In this Alert, Senior Associate Brooke Jacobs discusses the decision of the New South Wales Supreme Court in Sharp v Emicon Pty Ltd [2014] NSWSC 1072. This decision highlights once again the need for employers to give workers precise instructions about how to safely carry out their duties.


The plaintiff was a carpenter working on a site occupied by Emicon on 22 September 2008.  He was employed by Coastwise, a company operated by his brother.  The scaffolding on site had been erected by Staiger.

The plaintiff gave varying versions of events.  Ultimately, the case he advanced at trial was that he was affixing guttering to the fascia of a building, working from a scaffolding platform about 5m above the ground.  His tape measure fell into the eave space above the soffit.  The plaintiff stood on a horizontal rail of the scaffolding to retrieve it.  The rail moved under the plaintiff’s weight and caused him to lose his balance and fall head first through unlined roof timbers into a concrete stairwell.  He sustained spinal fractures and sued Emicon, Coastwise and Staiger for damages in negligence.

There was a factual dispute about whether the plaintiff was standing on the top or the middle rail of the scaffolding. It was uncontested that the top rail was unsecured, although there was a factual dispute whether it was erected that way by Staiger or had been tampered with after installation. The plaintiff had previously given statements to the effect that he had stepped on the mid rail however had changed his mind after viewing photographs demonstrating the unsecured top rail. The court ultimately regarded the plaintiff as a witness of truth and this adjustment in his version of events reasonable rather than “a self serving shift in his evidence borne of a recognition or realisation that it favoured his case.”

The court also scrutinised the plaintiff’s evidence in cross examination, which revealed that Coastwise as his employer had not given any instructions about how to use the scaffolding on this site before commencing work. In particular, Coastwise did not give any instructions to the plaintiff not to stand on the scaffolding railings.  The plaintiff conceded that, if such a direction had been given (even though it was, in effect, given by his brother) he would have obeyed it.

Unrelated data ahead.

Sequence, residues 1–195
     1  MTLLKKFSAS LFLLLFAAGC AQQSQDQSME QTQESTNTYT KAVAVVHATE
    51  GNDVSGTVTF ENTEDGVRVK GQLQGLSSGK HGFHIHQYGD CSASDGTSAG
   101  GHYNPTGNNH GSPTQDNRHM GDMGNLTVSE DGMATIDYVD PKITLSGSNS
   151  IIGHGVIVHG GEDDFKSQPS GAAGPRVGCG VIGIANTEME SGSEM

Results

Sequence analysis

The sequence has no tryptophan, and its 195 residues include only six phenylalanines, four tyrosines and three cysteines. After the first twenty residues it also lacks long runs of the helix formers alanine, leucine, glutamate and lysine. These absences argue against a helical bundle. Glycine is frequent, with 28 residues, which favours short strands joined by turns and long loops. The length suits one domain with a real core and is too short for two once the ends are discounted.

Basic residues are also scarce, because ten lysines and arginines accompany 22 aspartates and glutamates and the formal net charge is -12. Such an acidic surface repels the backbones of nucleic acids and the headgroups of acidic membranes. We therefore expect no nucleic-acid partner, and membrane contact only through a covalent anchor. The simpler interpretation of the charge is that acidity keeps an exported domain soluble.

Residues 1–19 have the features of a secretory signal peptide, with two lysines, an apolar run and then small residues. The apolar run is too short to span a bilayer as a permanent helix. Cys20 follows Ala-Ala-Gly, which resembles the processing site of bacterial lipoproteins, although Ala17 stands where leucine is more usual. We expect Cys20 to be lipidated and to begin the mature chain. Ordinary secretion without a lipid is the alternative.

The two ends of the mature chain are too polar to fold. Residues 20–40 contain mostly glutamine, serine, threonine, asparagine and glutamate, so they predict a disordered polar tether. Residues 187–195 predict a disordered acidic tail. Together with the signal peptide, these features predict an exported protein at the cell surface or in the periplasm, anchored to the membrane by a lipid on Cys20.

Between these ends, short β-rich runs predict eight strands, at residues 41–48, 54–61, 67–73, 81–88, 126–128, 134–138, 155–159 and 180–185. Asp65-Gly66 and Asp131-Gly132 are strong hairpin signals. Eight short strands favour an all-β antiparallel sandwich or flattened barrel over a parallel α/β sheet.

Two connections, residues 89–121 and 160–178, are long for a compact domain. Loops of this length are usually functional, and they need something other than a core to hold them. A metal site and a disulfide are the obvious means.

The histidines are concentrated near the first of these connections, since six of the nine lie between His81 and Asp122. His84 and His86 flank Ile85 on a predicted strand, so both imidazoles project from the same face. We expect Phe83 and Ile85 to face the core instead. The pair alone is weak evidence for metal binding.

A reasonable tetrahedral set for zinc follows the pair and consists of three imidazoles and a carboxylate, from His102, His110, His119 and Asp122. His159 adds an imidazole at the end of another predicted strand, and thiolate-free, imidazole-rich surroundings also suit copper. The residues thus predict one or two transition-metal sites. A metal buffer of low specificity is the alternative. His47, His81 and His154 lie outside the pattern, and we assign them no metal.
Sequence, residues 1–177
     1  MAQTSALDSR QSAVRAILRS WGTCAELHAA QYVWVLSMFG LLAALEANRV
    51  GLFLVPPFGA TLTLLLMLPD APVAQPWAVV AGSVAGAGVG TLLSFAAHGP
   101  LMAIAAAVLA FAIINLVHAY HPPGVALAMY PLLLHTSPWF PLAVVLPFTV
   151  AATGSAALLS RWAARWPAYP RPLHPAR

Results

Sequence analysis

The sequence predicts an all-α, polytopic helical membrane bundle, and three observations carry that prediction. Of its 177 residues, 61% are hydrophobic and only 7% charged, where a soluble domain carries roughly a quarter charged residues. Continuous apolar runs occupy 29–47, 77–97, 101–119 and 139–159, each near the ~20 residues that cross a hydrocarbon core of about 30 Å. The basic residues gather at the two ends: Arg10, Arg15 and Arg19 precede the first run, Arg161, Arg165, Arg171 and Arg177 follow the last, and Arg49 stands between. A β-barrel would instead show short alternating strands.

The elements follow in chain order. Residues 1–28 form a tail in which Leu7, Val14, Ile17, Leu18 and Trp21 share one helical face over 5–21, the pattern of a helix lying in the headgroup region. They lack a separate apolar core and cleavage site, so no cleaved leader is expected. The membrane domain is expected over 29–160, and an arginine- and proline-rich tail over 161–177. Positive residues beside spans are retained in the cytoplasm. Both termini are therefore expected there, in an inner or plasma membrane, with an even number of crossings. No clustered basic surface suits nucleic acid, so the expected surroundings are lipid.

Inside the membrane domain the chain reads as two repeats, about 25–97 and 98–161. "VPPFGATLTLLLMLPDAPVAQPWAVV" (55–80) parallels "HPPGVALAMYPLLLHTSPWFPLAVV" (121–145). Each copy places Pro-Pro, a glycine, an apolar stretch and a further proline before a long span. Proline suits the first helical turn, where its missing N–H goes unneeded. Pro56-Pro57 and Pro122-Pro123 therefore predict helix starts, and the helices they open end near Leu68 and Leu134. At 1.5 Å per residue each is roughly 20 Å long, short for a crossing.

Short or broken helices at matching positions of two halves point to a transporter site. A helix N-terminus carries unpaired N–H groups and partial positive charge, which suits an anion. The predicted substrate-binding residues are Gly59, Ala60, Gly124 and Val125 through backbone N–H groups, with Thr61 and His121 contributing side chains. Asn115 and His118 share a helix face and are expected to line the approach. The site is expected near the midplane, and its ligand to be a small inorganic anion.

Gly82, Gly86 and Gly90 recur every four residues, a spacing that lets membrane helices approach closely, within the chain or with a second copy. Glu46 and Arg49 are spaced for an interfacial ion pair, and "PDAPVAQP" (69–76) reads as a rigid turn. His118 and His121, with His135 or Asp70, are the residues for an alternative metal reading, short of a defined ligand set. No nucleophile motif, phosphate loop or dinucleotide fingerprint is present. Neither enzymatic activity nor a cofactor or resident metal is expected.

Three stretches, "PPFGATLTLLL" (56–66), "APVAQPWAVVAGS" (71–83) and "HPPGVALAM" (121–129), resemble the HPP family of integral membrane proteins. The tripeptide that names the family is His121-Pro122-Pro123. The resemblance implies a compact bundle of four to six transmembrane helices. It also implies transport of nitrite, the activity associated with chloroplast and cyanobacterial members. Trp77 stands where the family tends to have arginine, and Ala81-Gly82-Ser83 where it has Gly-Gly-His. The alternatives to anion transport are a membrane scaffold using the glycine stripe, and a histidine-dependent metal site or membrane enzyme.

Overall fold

The claim against Emicon as the occupier was dismissed by consent of the parties.  The claim against Staiger was dismissed by the court on the basis that it was satisfied that the scaffolding had been altered or amended following its original erection by Staiger.

However, the court was persuaded that Coastwise had failed to take proper care for the plaintiff.  The court found that Coastwise had breached its duty to the plaintiff by virtue of:

  1. Failing to inspect the scaffolding, which was deficient, in circumstances where the defects would have been obvious on any inspection. 
  2. Failing to instruct the plaintiff not to stand on the scaffold rails (even though the risk was obvious, the court found  this duty was enhanced by the unstable and unsafe nature of the scaffolding).

The court was not persuaded that the plaintiff’s lack of care for his own safety could be categorised as mere inadvertence and therefore determined that his damages should be reduced by 15% on account of contributory negligence.

Taking into account the 15% reduction, the plaintiff was awarded $726,624 in damages from his brother’s company, Coastwise.

Key take away points

  • Employers must provide site specific and comprehensive instructions in how to safely perform duties in order to avoid adverse negligence findings;
  • The duty to provide instructions extends even to the obvious – such as “do not stand on the scaffold safety rails”;
  • Courts can be very forgiving of plaintiffs’ inconsistencies in evidence.